WebIDL describes interfaces web browsers are supposed to implement.

The interaction between WebIDL and the build system is somewhat complex. This document will attempt to explain how it all works.


.webidl files throughout the tree define interfaces the browser implements. Since Gecko/Firefox is implemented in C++, there is a mechanism to convert these interfaces and associated metadata to C++ code. That’s where the build system comes into play.

All the code for interacting with .webidl files lives under dom/bindings. There is code in the build system to deal with WebIDLs explicitly.

WebIDL source file flavors

Not all .webidl files are created equal! There are several flavors, each represented by a separate symbol from mozbuild Sandbox Symbols.


Refers to regular/static .webidl files. Most WebIDL interfaces are defined this way.


In addition to generating a binding, these .webidl files also generate a source file implementing the event object in C++


The .webidl files are generated by preprocessing an input file. They otherwise behave like WEBIDL_FILES.


Like WEBIDL_FILES but the interfaces are for testing only and aren’t shipped with the browser.


Like TEST_WEBIDL_FILES except the .webidl is obtained via preprocessing, much like PREPROCESSED_WEBIDL_FILES.


The .webidl for these is obtained through an external mechanism. Typically there are custom build rules for producing these files.

Producing C++ code

The most complicated part about WebIDLs is the process by which .webidl files are converted into C++.

This process is handled by code in the mozwebidlcodegen package. mozwebidlcodegen.WebIDLCodegenManager is specifically where you want to look for how code generation is performed. This includes complex dependency management.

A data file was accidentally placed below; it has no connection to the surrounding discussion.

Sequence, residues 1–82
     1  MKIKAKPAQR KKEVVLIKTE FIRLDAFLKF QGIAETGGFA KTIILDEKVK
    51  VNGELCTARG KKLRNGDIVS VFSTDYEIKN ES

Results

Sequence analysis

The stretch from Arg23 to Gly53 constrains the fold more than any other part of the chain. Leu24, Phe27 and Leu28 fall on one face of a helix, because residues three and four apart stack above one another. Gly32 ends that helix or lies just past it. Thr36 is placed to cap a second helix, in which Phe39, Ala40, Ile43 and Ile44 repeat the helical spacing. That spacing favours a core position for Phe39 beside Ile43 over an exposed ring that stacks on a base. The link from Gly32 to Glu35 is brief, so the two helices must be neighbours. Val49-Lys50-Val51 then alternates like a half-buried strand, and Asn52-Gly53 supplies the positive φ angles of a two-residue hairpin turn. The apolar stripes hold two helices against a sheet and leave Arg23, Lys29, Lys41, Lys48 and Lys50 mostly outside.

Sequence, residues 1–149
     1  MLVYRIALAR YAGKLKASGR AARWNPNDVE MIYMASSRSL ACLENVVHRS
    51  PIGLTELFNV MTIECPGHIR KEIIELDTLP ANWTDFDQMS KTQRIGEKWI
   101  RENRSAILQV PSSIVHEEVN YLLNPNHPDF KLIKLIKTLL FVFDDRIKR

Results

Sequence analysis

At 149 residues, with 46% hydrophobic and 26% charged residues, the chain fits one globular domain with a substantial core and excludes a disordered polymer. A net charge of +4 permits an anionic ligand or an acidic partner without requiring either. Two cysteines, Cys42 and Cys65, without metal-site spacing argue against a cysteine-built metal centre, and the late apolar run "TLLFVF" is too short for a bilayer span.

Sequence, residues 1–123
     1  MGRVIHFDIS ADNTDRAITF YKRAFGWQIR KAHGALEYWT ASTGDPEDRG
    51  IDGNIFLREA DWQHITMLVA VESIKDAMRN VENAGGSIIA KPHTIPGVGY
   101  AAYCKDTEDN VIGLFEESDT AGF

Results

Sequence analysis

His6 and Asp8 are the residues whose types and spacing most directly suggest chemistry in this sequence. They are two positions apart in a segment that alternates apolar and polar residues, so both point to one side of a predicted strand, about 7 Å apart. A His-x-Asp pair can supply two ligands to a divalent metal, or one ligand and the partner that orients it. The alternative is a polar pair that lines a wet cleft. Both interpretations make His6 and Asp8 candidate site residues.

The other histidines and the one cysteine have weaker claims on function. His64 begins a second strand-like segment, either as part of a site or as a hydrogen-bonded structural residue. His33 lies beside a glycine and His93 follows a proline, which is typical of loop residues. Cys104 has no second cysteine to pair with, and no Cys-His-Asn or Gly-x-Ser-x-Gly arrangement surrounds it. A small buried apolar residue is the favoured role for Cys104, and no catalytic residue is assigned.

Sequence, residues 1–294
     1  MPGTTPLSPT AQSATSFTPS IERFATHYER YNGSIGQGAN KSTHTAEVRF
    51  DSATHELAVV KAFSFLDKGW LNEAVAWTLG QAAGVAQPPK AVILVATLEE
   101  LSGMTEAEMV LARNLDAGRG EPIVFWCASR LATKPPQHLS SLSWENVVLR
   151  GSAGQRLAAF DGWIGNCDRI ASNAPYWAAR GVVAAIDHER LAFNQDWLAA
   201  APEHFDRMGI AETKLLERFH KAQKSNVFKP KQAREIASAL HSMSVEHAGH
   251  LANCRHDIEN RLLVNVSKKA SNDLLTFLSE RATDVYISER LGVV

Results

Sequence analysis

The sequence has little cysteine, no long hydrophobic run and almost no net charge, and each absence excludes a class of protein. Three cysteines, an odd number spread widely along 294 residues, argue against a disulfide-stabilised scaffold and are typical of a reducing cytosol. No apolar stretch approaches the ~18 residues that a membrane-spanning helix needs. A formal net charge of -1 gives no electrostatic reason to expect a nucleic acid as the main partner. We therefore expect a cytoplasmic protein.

This section aims to document the build and developer workflow requirements for WebIDL.

Parser unit tests

There are parser tests provided by dom/bindings/parser/runtests.py that should run as part of make check. There must be a mechanism to run the tests in human mode so they output friendly error messages.

The current mechanism for this is mach webidl-parser-test.


There are various mochitests under dom/bindings/test. They should be runnable through the standard mechanisms.

Working with test interfaces

TestExampleGenBinding.cpp calls into methods from the TestExampleInterface, TestExampleProxyInterface, TestExampleThrowingConstructorInterface, and TestExampleWorkerInterface interfaces. These interfaces need to be generated as part of the build. These interfaces should not be exported or packaged.

There is a compiletests make target in dom/bindings that isn’t part of the build that facilitates turnkey code generation and test file compilation.

Minimal rebuilds

Reprocessing every output for every change is expensive. So we don’t inconvenience people changing .webidl files, the build system should only perform a minimal rebuild when sources change.

This logic is mostly all handled in mozwebidlcodegen.WebIDLCodegenManager. The unit tests for that Python code should adequately test typical rebuild scenarios.

Bug 940469 tracks making the existing implementation better.

Explicit method for performing codegen

There needs to be an explicit method for invoking code generation. It needs to cover regular and test files.

This is implemented via make export in dom/bindings.

No-op binding generation should be fast

So developers touching .webidl files are not inconvenienced, no-op binding generation should be fast. Watch out for the build system processing large dependency files it doesn’t need in order to perform code generation.

Ability to generate example files

Any interface can have example .h/.cpp files generated. There must be a mechanism to facilitate this.

This is currently facilitated through mach webidl-example. e.g. mach webidl-example HTMLStyleElement.